Sunday, March 30, 2014

Non Missouri and pretty

Sometimes you lose track of your collected pieces. This attractive stock I never listed on my website because I didn't remember buying it. I actually lost the information on where I bought it. It is listed as the only one in Cox. I plan to put it on eBay or trade it for that right piece for my collection.

Sunday, March 23, 2014

A small Missouri stock

It's not the most attractive certificate I own but it is a rare and possible unique. It's the only one listed in Cox (BOO-308-s-30). The company only issued 250 shares of stock making finding examples a daunting task.

History of the road: The Boone County and Jefferson City Railroad Company was incorporated in Jan. 30, 1857 to build a line from Columbia Missouri to the Pacific Railroad at or above Jefferson City. The Civil War delayed any work on the project. The corporation organized on Oct. 5, 1865. Only a few days before the charter expired. The stockholders met on Dec. 16, 1865 and elected D.H. Hickman as president and George C. Pratt as chief engineer. Construction was commenced May 21, 1866 and the road was completed from Centralia to Columbia Oct 29, 1867 a distance of 22 miles.

David Henry Hickman

The capital structure consisted: $12,500 in cash from stock subscription, $200,000 in Boone County subscription in 8 per cent bonds and $300,000 for 8 per cent mortgage bonds.
For a total capital of $512,500.

Before work commenced a contract had been made with the North Missouri Railroad by which the latter was to operate the road and pay the BC & JC one-third of gross earnings from all business going to and from the leased property. The rent was to pay the interest on the mortgage bonds. On Jan. 12, 1869 the North Missouri Railroad ceased to pay rent and the BC & JC could not pay interest on it's bonds. The road was sold in April 23, 1873 under foreclosure for $30,000.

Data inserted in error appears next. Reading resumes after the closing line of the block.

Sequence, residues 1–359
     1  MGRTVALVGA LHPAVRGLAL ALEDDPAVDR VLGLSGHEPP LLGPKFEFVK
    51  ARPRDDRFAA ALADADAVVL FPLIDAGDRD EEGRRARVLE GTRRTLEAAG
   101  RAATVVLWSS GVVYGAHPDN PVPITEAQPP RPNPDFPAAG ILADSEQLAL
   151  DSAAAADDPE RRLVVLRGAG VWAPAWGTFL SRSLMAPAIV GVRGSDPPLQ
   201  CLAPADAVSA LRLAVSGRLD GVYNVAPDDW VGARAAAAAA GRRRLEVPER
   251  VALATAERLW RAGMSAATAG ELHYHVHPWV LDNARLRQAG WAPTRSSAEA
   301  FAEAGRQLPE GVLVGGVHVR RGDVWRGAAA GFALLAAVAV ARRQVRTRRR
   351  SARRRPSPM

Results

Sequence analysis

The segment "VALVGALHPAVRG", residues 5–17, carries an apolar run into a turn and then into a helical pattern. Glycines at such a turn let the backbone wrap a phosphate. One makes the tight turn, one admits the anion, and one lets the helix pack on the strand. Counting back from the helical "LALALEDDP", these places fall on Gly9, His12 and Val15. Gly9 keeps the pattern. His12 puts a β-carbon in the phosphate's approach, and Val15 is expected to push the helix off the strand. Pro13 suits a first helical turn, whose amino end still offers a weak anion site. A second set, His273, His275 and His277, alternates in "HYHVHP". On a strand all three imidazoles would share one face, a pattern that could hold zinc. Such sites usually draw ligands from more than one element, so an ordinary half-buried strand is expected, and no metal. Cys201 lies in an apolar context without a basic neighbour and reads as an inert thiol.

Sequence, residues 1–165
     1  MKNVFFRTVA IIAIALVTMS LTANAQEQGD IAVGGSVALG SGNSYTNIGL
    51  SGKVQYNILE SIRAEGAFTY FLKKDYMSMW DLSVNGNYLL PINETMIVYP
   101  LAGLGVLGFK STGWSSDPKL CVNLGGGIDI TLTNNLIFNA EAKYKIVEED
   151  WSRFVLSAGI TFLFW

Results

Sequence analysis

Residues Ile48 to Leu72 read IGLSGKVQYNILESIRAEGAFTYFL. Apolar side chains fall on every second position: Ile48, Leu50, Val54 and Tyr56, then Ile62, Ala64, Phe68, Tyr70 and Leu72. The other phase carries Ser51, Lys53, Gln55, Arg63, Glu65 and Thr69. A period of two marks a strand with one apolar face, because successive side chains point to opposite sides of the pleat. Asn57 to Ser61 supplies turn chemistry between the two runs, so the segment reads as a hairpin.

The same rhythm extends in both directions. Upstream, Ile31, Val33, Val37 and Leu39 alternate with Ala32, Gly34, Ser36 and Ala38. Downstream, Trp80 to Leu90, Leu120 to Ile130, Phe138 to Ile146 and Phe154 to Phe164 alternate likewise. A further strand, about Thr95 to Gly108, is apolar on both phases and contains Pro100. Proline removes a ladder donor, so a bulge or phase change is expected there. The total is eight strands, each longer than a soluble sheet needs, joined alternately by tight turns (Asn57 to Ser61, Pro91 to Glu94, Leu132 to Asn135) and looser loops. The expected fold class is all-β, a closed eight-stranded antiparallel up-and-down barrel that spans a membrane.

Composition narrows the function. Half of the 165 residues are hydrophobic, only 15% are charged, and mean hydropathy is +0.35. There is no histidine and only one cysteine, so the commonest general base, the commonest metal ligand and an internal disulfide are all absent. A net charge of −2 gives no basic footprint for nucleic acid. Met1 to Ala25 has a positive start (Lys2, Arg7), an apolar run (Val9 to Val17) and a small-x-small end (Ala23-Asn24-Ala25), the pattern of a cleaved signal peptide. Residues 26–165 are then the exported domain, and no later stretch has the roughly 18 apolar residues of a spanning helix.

links of interest:

  • History of Boone County Missouri 1882-Western Historical Co.

Sunday, March 16, 2014

A rare cable car stock

click on image to enlarge

This Missouri company's stock is the only example in Cox. The People’s Cable Railway of Kansas City. For most people when you mention cable cars they think of San Francisco. But the truth is a number of US cities had cable cars. This Kansas City company was charted in March 8, 1887 with a capital stock of $750,000. The line opened for business May 29, 1888. It ran for a distance of 6.8 miles using standard gauge . By 1896 it operated 35 cars.

The company could not pay its obligations and was sold in foreclosure in 1896. A new company was formed the Brooklyn Avenue Railway. This company was purchased in 1899. Electric cars replaced the cable cars in Dec. 1899.
Robert Gillham
Engineer Robert Gillham was the designer, builder and for a time the president for the People Cable Railway. He also built two additional Kansas City street rail line. These were the K.C. Cable Railway and the Inter-State Consolidated Rapid Transit. His biography is here.